Depression In The Elderly
Perhaps one of the biggest challenges for caregivers or their loved ones is how to manage depression in the elderly.
This mental illness can happen to anyone, even in those who have never had it before. And while some may think that it’s is just a part of aging, it’s much more than that.
Chances are, you may already be familiar with depression, or know someone who struggles with it. Globally, it affects over 300 million people, according to the World Health Organization.
It’s estimated that 6 million adults in the U.S. aged 65 and older are depressed, but just 10% seek treatment.
It’s crucial that if an older loved one develops depressive symptoms, that they are addressed and taken care of as soon as possible.
With time, patience, and support, it’s possible to get better and move forward with renewed energy and happiness.
Challenges Facing Seniors With Mental Illness
Recognizing, understanding, and treating depression in the elderly can be difficult for several reasons.
Seniors may not recognize that the symptoms they experience are actually depressive signs. A recent study about mental health education in Baby Boomers, Generation X, and Millenials found that Boomers were the least likely to accurately self-asses their symptoms.
- They may also be reluctant to admit or discuss these issues due to generational attitudes towards those with mental illnesses. This could cause some to ignore treatment completely.
- There may be an assumption that they’re “just down in the dumps” and that these depressive feelings are a normal part of aging. Similarly, physical pain and discomfort, which are signs of depression, can be brushed off as growing old.
- Senior social isolation could play a significant role, as well. In addition to contributing or worsening depressive symptoms, there may be no one to notice these concerns.
Learning about internal and external pressures facing seniors’ mental health can make it easier to talk to them about their symptoms and begin finding help.
Signs Of Depression In The Elderly
Depression has many faces, and it can be difficult to recognize someone who struggles with it. With older adults, it can be even more problematic, but knowing the symptoms may help:
- Feelings of despair, hopelessness, or helplessness
- Aches and pains that worsen, or appear suddenly and are unexplained
- Loss of interest in social activities or hobbies
- Decreased appetite or weight loss
- Feeling unmotivated or unenergetic
- Trouble falling asleep, sleeping through the night, sleeping too much, or feeling tired during the day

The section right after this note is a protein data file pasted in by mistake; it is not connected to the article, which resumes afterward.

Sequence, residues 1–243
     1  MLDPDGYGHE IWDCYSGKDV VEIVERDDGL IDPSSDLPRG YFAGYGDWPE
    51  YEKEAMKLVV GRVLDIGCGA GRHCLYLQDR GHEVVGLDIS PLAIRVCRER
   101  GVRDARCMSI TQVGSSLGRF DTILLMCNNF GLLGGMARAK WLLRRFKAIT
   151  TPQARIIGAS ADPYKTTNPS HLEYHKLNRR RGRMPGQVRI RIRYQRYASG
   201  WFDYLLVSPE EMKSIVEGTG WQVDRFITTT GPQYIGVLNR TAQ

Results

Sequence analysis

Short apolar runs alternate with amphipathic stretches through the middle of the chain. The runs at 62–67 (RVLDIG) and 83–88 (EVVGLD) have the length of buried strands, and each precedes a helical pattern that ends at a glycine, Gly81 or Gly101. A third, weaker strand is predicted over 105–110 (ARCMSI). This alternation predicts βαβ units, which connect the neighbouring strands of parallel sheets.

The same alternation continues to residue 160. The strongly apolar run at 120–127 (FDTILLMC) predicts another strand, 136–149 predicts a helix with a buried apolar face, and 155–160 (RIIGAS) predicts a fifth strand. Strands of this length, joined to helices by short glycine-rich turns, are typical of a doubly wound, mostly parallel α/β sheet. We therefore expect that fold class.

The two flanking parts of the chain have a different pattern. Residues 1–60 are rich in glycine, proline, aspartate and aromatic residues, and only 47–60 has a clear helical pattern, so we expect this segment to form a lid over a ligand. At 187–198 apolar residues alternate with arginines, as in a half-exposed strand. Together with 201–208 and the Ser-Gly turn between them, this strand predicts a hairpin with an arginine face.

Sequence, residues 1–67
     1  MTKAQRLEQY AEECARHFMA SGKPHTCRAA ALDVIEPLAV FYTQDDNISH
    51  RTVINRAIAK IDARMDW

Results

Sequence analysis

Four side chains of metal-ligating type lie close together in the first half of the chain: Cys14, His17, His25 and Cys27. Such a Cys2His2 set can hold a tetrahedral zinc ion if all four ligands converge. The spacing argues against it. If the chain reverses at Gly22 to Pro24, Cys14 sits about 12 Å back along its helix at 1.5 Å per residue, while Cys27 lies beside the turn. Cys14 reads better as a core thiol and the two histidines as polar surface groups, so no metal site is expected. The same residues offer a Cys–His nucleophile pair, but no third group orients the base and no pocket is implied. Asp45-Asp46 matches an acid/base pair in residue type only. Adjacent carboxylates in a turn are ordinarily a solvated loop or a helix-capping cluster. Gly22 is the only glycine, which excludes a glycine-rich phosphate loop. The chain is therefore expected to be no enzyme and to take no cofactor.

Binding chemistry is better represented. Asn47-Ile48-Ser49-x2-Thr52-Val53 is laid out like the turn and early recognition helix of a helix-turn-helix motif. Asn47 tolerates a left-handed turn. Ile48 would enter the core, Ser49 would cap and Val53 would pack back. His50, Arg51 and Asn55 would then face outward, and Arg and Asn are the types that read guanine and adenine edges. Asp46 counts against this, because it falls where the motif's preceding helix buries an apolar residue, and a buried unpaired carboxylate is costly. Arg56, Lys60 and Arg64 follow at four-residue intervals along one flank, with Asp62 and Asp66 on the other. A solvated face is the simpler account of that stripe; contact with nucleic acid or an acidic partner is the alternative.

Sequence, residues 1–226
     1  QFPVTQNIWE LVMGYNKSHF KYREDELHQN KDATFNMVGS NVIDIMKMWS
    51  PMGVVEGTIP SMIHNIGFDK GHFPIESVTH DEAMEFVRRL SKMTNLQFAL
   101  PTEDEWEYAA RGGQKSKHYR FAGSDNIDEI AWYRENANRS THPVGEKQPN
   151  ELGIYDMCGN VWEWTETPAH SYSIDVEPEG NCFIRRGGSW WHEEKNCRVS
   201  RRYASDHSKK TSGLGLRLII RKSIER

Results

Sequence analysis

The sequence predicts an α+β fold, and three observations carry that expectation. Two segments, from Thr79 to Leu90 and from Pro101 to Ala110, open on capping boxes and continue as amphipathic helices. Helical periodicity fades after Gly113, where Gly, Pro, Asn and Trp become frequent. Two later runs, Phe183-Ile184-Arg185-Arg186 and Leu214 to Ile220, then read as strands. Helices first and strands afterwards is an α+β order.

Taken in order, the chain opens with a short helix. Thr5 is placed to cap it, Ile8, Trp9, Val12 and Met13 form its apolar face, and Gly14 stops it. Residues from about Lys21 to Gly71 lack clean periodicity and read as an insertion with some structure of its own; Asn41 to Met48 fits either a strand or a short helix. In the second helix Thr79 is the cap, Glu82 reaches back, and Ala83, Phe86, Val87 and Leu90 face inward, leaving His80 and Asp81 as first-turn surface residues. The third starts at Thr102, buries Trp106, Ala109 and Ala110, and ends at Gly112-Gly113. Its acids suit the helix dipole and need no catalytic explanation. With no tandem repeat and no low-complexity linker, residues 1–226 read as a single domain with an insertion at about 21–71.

- Feelings of decreased self-worth, such as feeling like a burden, worthless, or self-loathing
- Talking and moving slower
- Higher than normal alcohol or drug use
- A focus on death or thoughts of suicide
- Problems with memory
- Poor self-care, such as missing meals, not taking medicine, ignoring hygiene
Depression Is More Than Feeling Sad
Contrary to popular belief, those with depression may not experience feelings of sadness. For seniors, they often don’t report any sadness.
In fact, depression in the elderly looks different than other age groups, although there are many similarities.
Instead of sadness, they may experience a lack of motivation and energy and physical problems like headaches and arthritis, which are the most common signs of depression for older adults.
It’s also important to learn the difference between grief and depression.
Most have experienced grief due to a loss, from a job to a loved one.
Aging adults can experience other losses that can be difficult to cope with, such as their independence, mobility, or their health.
Grieving is normal, and there are healthy ways to express it. It might be difficult, however, to tell the difference between grief and depression.
- With grieving, there are both periods of happiness and sadness, and there are still times when you feel pleasure despite the sadness.
- Someone with depression has chronic feelings of emptiness or hopelessness and won’t feel any enjoyment.
- The ability to enjoy anything completely disappears after an unusually long time.
Causes Of Depression In The Elderly
Aging brings many changes, and some may be more difficult than others. Some events and problems that may lead to depression include:
- Changes in health that negatively impact their quality of life. Illness, disability, pain, mental decline, surgeries, and other problems can cause distress.
- Senior social isolation, which is a problem for many older adults. This issue is a big factor in depression among seniors who may not be able to get around as much or whose social circle is shrinking.